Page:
Friday, June 16, 2006
Carnations, or oeillets, and potted flowers in the town of Figanières.
introuvable (in-troo-vable) adjective
which (or who) cannot be found, undiscoverable
A force de s'épandre sur les détails et de chercher l'introuvable, on finit par rater l'essentiel. By getting caught up in the details and seeking what cannot be found, we end up missing what is essential. --Jean Dion
A Day in a French Life...
In the town of Figanières, the French windowsills were bursting with red and pink geraniums, purple petunias, and succulents à gogo* and à green green. The scene had changed since my last visit, back in March, when the only color visible near a window was the lavender-hued curls of the grand-mère* peeking out from behind lace curtains.
With the crisp morning air caressing my cheeks, and Words* tucked under my arm, I retraced my steps through the village. A story I had written about a local street sweeper was now a published chapter and I wanted to find the Frenchman-in-question and present him with a copy of the book.
"He was standing right there the last time I saw him," I said to my mother, who had accompanied me to the village with a mission of her own: to photograph the star of the story and immortalize him "sur toile."* "The man with the turquoise eyes," as he is called in the chapter "Polir,"* would now be the étoile* of my mom's next painting.
I recalled the red brick trottoir* and its familiar rolling pattern. "I know he is working today," I said. "Look how clean the sidewalk is!"
When my mom spotted a man with a broom working near the supérette,* I squinted my eyes. "I don't think that's him," I sighed. Wasn't his face a bit narrower? His eyes weren't the blue that I'd remembered. "No. That's not him." By now we had covered the place du village,* the parking lot beyond the Mairie,* and the little road that leads to the elementary school. Still no luck.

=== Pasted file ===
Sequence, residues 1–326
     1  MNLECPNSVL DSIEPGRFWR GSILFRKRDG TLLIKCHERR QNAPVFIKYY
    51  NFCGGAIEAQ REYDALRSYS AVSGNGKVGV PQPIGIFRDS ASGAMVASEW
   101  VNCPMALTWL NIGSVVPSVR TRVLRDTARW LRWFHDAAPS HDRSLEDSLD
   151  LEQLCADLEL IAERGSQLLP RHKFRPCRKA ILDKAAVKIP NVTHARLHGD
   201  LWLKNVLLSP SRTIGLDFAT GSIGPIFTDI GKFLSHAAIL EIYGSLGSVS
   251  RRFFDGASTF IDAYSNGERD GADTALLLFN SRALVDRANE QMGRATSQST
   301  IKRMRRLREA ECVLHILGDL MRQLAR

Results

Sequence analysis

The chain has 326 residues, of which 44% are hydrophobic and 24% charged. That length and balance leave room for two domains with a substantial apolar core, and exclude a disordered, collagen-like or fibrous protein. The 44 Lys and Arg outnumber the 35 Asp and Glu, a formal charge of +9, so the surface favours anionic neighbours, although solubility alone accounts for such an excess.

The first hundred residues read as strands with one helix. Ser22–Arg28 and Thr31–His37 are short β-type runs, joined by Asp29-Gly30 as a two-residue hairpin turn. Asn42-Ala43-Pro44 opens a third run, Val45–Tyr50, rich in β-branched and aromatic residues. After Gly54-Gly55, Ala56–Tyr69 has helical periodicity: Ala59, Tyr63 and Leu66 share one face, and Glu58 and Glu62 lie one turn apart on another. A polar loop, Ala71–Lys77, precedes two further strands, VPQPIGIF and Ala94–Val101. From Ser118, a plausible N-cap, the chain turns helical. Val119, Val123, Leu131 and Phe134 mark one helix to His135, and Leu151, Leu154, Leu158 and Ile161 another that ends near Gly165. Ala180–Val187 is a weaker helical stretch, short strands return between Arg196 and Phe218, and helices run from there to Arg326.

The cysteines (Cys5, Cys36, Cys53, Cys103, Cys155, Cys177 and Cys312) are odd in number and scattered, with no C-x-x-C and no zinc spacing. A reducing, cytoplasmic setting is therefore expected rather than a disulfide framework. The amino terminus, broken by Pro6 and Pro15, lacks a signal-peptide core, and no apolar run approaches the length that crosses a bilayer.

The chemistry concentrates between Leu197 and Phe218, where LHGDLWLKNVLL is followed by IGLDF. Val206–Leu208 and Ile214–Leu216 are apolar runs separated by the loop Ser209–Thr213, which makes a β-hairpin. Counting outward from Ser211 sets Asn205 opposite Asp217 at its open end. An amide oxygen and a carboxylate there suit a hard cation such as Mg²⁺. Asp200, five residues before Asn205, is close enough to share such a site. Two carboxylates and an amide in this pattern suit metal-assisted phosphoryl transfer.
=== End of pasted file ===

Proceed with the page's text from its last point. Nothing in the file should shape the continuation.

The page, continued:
At the foot of the winding cobblestone stairs leading to the church, my mom asked me to take a photo of her--something she had never done before.
"Wait until I get halfway up there!" she instructed.
When I looked through the viewfinder, I discovered my mom hunched over, swinging her arms back and forth. After my initial alarm, I questioned her in a "Now what?!" fashion.
"Mom! What ARRRRE you doing?"
"Did you get the church bells?" she said, pointing to the campanile* on the hilltop above. "I need them in the photo, too; they're going in my painting!"
Mom wasn't about to let a small detail (the absence of the street cleaner) get in the way of her project: the painting of his very portrait. She'd be the brown-eyed, high-heeled stand-in.
"MOM!" I said, upset at the realization that our star was introuvable.*
"Don't worry, honey. We'll find him."
* * *
References: à gogo = in abundance, galore; la grand-mère (f) = grandmother; Words (in a French Life) ; sur toile = on canvas; polir = to polish; chapter in "Words"; une étoile (f) = star; le trottoir (m) = sidewalk; la supérette (f) = small grocer; la place du village (f) = (central) village square; la mairie (f) = town hall; le campanile (m) = bell tower; introuvable = nowhere to be found, undiscoverable
Listen to my son, Max, pronounce the French word "introuvable": Download introuvable.wav
Listen to Max's sentence: "Mes clés sont introuvables": Download introuvable3.wav
French synonyms for "introuvable": perdu (lost), disparu (vanished), envolé (vanished [into thin air]), caché (hidden)
In books: Using French Synonyms
"This new guide to French synonyms is the first to be produced specifically for English-speaking students of French. Its aim is to enable them to develop, broaden and enhance their awareness of the complexity and richness of French vocabulary by presenting in an easily accessible form information not readily available in traditional dictionaries. " Order it here.
Play and Learn French : The fun, easy, and natural way to get kids started in learning French.
SmartFrench Audio CDs for Beginners II
French for Children (Language for Children Series) (Audio CD)
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For more online reading: The Lost Gardens: A Story of Two Vineyards and a Sobriety